The news may be well known now about the influenza vaccine being only 56 percent effective overall and 9 percent effective for the type A H3N2 strain in adults aged 65 years or older during the 2012-13 flu season. 1 The latest buzz, however, is about how getting a flu shot year after year may make people more susceptible to getting influenza.
Year-to-Year Flu Vaccination Could Limit Effectiveness
In February, Clinical Infectious Diseases published a new prospective study noting the failure of the flu vaccine in people vaccinated against influenza during the previous year.
The researchers followed 328 households with 1,441 members from before the 2010-2011 flu season through the end of it. A total of 866 study participants received the flu shot before the flu season started. Nearly one quarter of the households with 125 members contracted the flu during the 2010-11 season, as confirmed by laboratory tests.
When the researchers separated out those, who were not vaccinated in the previous flu season, they found less of a benefit with the flu vaccine. The influenza vaccine was 62 percent effective among people, who did not receive a flu shot in the prior year. In comparison, vaccine effectiveness among those, who did get a flu shot in the previous year, was substantially lower at -45 percent.
Furthermore, the study found that those who were vaccinated in both years and those who were not vaccinated in either year had similar influenza infection risks. 2
Seasonal Flu Vaccine Could Increase Future H1N1 Infection Risk
This is not the first study questioning vaccine effectiveness based on repeated annual influenza vaccination. In fact, there is a large body of literature examining the impact of previous use of seasonal trivalent flu vaccines on the risk of contracting the 2009 pandemic H1N1 swine flu.
In 2010, PLoS Medicine published an analysis of Canadian epidemiological studies suggesting that people, who had received seasonal flu shots the year before the 2009 H1N1 swine flu pandemic, had an increased risk of becoming infected with the pandemic swine flu.
During the spring 2009 pandemic H1N1 virus wave, investigators noted a link between prior receipt of the trivalent inactivated influenza vaccine during the 2008-09 season and fever/cough illness. In response, they conducted four follow-up epidemiologic studies (three case-control studies and one household transmission study) during the summer of 2009 to further explore the original finding.
Studies Identify Flu Vaccine Failures
Findings from one of the case-control studies showed that prior vaccination with trivalent inactivated influenza vaccine is protective against seasonal influenza and reduced the flu risk by 56 percent. However, results from all four studies revealed that those vaccinated in the previous 2008-09 season were between 1.4 and 2.5 times more likely to contract H1N1 during the spring and summer of 2009. 3
A second study in 2009 identified a similar association between previous vaccination and pandemic H1N1 illness in a military population. Between April 21 and May 8, a total of 97 patients developed the H1N1 virus. Of these, 63 people, or 66 percent, received the influenza vaccination in the previous 12 months. In comparison, only 40 percent of patients without H1N1 virus had no history of vaccination. 4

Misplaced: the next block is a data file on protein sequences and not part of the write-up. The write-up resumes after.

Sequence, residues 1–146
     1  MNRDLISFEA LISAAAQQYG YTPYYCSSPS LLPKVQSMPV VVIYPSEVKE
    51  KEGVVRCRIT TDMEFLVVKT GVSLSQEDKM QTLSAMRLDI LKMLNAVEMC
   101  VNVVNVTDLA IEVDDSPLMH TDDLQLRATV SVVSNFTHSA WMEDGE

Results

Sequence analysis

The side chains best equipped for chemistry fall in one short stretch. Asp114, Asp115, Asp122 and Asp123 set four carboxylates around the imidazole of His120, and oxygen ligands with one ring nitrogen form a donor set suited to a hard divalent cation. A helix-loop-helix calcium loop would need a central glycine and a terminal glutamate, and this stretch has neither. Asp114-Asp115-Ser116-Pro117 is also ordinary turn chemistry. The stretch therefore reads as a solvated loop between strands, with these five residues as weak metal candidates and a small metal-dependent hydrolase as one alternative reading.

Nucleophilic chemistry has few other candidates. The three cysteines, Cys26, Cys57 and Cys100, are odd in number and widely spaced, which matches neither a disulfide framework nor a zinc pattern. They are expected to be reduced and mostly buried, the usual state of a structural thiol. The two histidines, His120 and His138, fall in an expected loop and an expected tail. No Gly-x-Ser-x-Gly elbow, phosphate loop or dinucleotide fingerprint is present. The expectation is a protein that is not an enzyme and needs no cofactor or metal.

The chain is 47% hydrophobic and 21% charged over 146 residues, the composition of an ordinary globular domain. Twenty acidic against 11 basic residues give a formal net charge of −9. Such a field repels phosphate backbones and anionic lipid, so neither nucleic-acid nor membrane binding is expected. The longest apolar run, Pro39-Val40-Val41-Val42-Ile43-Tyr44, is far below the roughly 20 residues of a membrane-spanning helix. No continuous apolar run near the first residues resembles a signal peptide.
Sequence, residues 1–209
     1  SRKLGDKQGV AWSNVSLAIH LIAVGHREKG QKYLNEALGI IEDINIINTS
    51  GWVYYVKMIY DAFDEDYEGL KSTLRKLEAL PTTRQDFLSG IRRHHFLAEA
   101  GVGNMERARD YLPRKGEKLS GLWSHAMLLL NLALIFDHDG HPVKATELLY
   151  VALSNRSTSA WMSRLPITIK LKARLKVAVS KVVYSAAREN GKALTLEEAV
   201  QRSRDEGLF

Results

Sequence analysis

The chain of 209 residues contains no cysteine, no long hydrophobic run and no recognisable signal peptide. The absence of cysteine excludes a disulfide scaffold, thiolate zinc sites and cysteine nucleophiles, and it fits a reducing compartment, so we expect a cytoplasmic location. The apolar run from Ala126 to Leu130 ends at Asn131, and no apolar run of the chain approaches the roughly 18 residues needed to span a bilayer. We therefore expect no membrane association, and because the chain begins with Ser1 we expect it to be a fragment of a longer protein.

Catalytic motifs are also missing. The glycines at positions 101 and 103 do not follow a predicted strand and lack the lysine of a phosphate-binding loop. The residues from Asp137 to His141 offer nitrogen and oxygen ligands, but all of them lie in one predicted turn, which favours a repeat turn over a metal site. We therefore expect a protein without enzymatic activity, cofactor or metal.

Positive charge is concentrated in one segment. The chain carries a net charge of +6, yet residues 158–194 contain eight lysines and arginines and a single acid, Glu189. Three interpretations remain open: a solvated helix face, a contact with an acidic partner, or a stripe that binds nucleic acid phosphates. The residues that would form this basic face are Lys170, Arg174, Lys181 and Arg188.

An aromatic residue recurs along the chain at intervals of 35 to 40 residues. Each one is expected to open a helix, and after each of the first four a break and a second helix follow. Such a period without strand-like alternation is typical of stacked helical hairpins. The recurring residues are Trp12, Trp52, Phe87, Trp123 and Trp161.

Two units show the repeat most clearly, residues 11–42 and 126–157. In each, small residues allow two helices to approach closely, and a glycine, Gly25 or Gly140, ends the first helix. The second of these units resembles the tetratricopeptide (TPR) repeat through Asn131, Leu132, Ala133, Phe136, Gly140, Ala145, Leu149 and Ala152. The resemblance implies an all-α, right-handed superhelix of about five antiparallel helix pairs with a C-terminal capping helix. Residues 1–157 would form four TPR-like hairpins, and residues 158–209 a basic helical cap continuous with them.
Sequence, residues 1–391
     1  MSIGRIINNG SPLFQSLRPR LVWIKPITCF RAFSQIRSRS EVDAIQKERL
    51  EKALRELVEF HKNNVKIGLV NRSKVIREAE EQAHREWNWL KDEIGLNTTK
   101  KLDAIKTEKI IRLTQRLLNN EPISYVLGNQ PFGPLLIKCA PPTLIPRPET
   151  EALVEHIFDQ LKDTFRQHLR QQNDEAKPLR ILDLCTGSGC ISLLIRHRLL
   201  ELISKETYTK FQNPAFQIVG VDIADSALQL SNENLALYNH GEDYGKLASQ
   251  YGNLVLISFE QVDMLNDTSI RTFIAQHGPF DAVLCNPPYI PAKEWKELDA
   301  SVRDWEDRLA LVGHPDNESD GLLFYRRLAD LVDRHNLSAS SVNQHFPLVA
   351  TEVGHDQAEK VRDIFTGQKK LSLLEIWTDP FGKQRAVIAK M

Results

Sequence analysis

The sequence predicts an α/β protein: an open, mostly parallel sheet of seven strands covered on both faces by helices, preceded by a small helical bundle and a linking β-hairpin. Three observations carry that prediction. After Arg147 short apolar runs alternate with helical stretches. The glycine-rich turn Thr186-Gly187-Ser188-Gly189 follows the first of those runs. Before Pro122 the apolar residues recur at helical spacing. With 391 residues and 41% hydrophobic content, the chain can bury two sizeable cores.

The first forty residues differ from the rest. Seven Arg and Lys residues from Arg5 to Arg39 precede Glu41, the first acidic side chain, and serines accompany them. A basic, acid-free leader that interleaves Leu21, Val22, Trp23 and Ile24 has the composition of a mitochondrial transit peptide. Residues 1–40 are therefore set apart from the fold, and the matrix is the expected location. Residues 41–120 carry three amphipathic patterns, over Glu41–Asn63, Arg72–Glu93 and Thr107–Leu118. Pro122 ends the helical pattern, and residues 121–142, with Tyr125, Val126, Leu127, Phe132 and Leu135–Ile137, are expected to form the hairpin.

In Nov. 13, 2009, the Center for Disease Control and Prevention published a case-cohort study on the effectiveness of 2008-09 trivalent influenza vaccine against 2009 pandemic H1N1. The CDC concluded that there was no decreased or increased risk of pandemic H1N1 following seasonal flu vaccine. 5
Doctors Intrigued and Troubled by Findings
In an accompanying editorial, Drs. John Treanor and Peter Szilagyi wrote a response to the findings for the most recent study showing lower effectiveness with back-to-back flu shots.
“As we are currently struggling through one of the most vigorous influenza seasons in recent memory, the apparent failure of influenza vaccine under optimal conditions seen in this study is indeed troubling,” they wrote. 6
As usual, further study on flu vaccine effectiveness is necessary. There are a lot of conflicting data available. However, the growing number of studies showing low overall effectiveness, waning immunity and a negative effect of prior-year vaccination cast doubt on influenza vaccine policies and strategies, especially when influenza vaccinations now are being required as a condition of employment for health care workers.
1 CDC. Interim Adjusted Estimates of Seasonal Influenza Vaccine Effectiveness—United States, February 2013. MMWR Feb. 22, 2013; 62:119-23.
2 Ohmit SE, Petrie JG, Malosh RE, et al. Influenza Effectiveness in the Community and the Household. Clinical Infectious Diseases Feb. 14, 2013.
3 Skowronski DM, De Serres G, Crowcroft NS, et al. Association between the 2008-09 Seasonal Influenza Vaccine and Pandemic H1N1 Illness during Spring-Summer 2009: Four Observational Studies from Canada. PLoS Med 2010; 7(4).
4 Crum-Cianflone NF, Blair PJ, Faix D, et al. Clinical and Epidemiologic Characteristics of an Outbreak of Novel H1N1 (Swine Origin) Influenza A Virus Among United States Military Beneficiaries. Clinical Infectious Diseases 2009; 49:1801-10.
5 CDC. Effectiveness of 2008-09 Trivalent Influenza Vaccine Against 2009 Pandemic Influenza A (H1N1)---United States, May-June 2009. MMWR Nov. 13, 2009; 58 (44):1241-5.
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